Hauliers met AMs at a motorway service station to hand in a petition
Conservatives have written to south Wales' chief constable over the way a hauliers' fuel protest was handled.
More than 150 lorries travelled from west Wales on Tuesday, but the Tories are questioning why they did not hand over a petition in Cardiff Bay.
However, police said the hauliers rejected an offer for a limited number of lorries to drive to the home of the Welsh assembly, the Senedd.
Instead, the petition was handed to Tory AMs on the outskirts of the city.
Welsh Tory leader Nick Bourne said that raised concerns.
"The situation that arose on Tuesday raises questions about the democratic rights of people in Wales and their legitimate expectation to be able to present petitions at the National Assembly," he said.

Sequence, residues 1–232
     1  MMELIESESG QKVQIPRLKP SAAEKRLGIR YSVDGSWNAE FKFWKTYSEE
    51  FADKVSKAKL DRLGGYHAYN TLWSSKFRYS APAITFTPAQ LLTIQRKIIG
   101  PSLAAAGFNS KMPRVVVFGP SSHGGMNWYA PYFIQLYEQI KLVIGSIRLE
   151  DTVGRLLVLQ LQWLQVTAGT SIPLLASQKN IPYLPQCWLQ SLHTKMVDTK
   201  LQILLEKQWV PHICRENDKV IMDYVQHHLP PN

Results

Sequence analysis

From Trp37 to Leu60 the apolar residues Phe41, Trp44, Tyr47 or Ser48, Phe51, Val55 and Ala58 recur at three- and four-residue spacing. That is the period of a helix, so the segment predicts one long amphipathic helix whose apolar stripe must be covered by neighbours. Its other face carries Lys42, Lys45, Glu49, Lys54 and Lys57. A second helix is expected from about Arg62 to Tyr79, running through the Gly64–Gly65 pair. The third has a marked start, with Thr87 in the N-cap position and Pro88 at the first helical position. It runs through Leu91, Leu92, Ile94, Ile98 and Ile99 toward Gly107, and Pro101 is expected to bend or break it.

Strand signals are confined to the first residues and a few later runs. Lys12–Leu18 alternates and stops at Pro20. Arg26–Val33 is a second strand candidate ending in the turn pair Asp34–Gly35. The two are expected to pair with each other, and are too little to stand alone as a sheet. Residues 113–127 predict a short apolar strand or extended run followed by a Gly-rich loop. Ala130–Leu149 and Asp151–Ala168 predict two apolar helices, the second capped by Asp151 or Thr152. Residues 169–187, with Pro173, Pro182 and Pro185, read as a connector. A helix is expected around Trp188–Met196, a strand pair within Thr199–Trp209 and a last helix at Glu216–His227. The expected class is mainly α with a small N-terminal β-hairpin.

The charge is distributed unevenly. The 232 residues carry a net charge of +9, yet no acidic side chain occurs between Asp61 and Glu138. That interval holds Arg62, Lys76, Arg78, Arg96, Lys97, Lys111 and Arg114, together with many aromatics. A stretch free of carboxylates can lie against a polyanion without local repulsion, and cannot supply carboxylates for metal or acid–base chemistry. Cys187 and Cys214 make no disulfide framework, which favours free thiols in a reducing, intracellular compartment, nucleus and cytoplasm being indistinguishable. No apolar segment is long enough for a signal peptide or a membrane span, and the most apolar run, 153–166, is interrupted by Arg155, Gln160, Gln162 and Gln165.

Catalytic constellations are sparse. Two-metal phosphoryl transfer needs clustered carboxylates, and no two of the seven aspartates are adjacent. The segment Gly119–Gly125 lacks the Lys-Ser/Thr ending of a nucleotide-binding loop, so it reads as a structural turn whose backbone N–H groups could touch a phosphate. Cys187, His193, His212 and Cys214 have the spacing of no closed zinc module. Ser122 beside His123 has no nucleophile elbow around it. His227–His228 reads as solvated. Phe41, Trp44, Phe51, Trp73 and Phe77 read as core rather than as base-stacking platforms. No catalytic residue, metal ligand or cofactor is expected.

"If the electorate feels so strongly about an issue that they want to present a written document to AMs, then it is important we give them the chance to do that."
However, South Wales Police strongly defended their actions.
Assistant chief constable Dave Morris said that "at no time did South Wales Police aim to prevent the protestors from submitting their petition to the Senedd".
"However, whilst we were prepared to facilitate the protest, we have a responsibility to ensure that disruption to the general public and other road users is kept to an absolute minimum.
"For that reason, it was agreed three days before the protest that five lorries would be permitted to travel to the Senedd to make the presentation."
But Nr Morris said the hauliers then requested that the convoy met at the M4 motorway services, which he said his officers facilitated.
However, Mr Bourne said following the protest he had now contacted assembly Presiding Officer Lord Elis Thomas to request details of guidelines surrounding access to the assembly for protesters and petitioners.